High-Speed Broadband arrives in Milcombe
As part of the Better Broadband for Oxfordshire programme, a fibre-enabled cabinet is now live and ready to take orders in Milcombe. This means that 261 residents and businesses in the parish will be able to request an upgrade to fibre-enabled broadband from a range of Internet Service Providers (ISPs). In most cases, this means that residents can select a product offering download speeds above 24Mb/s following infrastructure upgrades made via the Better Broadband for Oxfordshire programme. The aim of the £30.1m programme, funded by Oxfordshire County Council, Cherwell District Council, Broadband Delivery UK (BDUK) and BT, is to provide access to fibre-enabled broadband where this is not commercially viable without public sector investment. The cabinet in the following location is now sporting a large sticker declaring, ‘Fibre broadband is here.’ This indicates that the cabinet is live and ready to take customer orders. Bloxham Cabinet 5: Located on the Main Road, opposite Southwynd, Bloxham Road, Milcombe, Banbury OX15 4RH
Please note that improved broadband services are not turned on automatically. To access fibre-enabled broadband, please contact your chosen ISP or use comparison sites to find available packages. There is a list of ISPs on the Better Broadband for Oxfordshire website: http://www.betterbroadbandoxfordshire.org.uk/broadband-providers If you contact an ISP, please state that you wish to order ‘fibre-enabled / superfast broadband,’ otherwise they may offer you a slower broadband service. Your chosen ISP should be able to offer any technical assistance to access fibre-enabled / superfast broadband. It is also important to note, that not all premises within a postcode area will be necessarily be able to order superfast speeds (above 24Mb/s). Premises will be able to access a range of speeds – some will get superfast broadband and others will be able to get anywhere between 2Mb/s and 24Mb/s, depending on distance from the cabinet.
THAMES WATER SEWAGE PUMPING STATIONS
PUMP HUNT FOR SEWAGE STATION OWNERS
• Thames Water to take on the responsibility of 4,000 sewage pumping stations from property owners and managers
• Utility will take over electricity and maintenance costs under new legislation, potentially saving customers thousands of pounds
• Firm appeals for help tracking 1,800 ‘missing’ stations
Thames Water is appealing to customers to help identify privately owned sewage pumping stations. The utility, which serves 15 million customers across London and the Thames Valley, will take responsibility for around 4,000 pumping in October 2016, but needs to track down 1,800 currently off its radar. New legislation means sewage pumping stations, which power wastewater away from properties and out into the public sewer pipe network, currently owned and maintained by customers will become legally owned and operated by the local water company. The pumping stations are found in all shapes and sizes, and can be in places where there are a number of properties needing to connect to the public sewer network. Customers will know they have one as they’ll be paying to maintain and power them.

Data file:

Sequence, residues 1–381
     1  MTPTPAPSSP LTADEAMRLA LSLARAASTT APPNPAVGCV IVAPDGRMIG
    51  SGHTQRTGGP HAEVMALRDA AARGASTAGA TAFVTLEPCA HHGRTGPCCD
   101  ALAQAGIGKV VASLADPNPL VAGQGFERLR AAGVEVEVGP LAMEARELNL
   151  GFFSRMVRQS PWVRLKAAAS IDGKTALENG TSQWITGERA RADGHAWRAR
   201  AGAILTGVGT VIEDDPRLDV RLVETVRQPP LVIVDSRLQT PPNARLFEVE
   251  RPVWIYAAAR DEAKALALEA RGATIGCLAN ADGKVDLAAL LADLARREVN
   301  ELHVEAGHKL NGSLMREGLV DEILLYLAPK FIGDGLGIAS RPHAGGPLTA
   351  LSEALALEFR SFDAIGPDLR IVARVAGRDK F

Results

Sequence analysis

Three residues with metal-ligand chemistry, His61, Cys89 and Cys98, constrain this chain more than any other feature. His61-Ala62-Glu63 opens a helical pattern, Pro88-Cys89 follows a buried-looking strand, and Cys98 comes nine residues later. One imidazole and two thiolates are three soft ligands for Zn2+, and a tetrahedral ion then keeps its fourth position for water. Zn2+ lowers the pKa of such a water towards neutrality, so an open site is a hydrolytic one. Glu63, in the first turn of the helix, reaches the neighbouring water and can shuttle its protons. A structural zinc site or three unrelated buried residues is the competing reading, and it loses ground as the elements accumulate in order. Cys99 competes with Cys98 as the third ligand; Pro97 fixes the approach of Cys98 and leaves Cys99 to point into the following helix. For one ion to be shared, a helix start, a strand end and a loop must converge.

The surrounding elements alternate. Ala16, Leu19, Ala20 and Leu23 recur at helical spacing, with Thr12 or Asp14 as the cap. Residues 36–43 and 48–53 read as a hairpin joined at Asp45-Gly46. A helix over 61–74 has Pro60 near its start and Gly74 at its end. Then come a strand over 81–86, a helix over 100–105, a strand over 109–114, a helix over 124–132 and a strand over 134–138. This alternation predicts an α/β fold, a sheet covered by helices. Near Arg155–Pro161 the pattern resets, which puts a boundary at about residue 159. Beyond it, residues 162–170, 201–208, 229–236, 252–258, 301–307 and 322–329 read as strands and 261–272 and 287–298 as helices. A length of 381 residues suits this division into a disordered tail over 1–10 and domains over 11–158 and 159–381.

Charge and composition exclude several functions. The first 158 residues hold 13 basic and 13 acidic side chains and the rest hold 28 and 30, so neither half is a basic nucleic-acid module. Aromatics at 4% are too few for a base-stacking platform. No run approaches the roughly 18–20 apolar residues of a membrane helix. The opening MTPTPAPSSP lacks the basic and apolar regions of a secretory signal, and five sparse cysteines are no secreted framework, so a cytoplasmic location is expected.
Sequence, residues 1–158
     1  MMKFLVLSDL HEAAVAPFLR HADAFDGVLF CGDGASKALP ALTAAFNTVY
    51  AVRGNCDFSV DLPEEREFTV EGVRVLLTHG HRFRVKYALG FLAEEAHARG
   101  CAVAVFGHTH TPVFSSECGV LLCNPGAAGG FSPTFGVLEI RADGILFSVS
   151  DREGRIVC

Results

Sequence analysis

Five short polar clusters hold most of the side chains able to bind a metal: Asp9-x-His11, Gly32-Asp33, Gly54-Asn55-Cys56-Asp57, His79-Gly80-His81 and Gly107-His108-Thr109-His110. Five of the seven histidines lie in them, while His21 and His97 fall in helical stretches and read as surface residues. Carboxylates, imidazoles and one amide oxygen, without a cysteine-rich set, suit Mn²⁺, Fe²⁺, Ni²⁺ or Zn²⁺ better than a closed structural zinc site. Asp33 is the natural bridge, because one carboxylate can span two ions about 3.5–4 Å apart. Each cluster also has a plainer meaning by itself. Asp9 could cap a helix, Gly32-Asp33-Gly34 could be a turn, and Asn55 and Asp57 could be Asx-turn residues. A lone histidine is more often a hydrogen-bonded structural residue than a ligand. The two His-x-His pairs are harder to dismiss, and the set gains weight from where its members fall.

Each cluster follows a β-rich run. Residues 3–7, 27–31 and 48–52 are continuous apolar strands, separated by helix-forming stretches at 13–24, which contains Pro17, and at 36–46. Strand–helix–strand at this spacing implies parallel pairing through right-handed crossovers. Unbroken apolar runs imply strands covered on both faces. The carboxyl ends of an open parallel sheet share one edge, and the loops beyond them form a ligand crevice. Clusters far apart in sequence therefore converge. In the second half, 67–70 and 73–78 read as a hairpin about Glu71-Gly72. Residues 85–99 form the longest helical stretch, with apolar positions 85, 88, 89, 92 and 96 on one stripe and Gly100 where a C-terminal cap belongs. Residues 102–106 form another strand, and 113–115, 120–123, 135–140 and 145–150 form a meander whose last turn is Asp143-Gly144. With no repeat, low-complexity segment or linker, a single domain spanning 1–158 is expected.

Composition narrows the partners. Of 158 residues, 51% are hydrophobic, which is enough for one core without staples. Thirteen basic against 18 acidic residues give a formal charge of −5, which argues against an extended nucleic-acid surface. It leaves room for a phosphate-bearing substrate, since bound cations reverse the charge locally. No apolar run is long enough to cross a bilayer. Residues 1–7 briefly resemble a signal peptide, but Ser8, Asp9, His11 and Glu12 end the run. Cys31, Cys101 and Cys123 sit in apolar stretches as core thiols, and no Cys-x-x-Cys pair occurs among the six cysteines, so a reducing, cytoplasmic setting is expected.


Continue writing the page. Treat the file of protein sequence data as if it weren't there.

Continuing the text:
Jerry White, of Thames Water, said: “This is really good news for customers. We’d urge anyone who thinks they may have one to get in touch so we can check they are eligible for the transfer of ownership. In some cases, as well as electricity savings, maintaining and replacing pumps can cost thousands of pounds so it’s an excellent deal for them. “We believe we know where approximately half of the stations we need to take over are, but really need help to find the other 1,800. Please get in touch if you think this applies to you and we can take on the responsibility forever.”
Anyone with a private pumping station can make Thames Water aware at thameswater.co.uk/pumphunt
A sewer pumping station is likely to be ‘adopted’ by Thames Water if it was in use before July 2011 (and) serve a single property, and is outside the property boundary (or) serves two or more properties
More information: www.thameswater.co.uk/pumphunt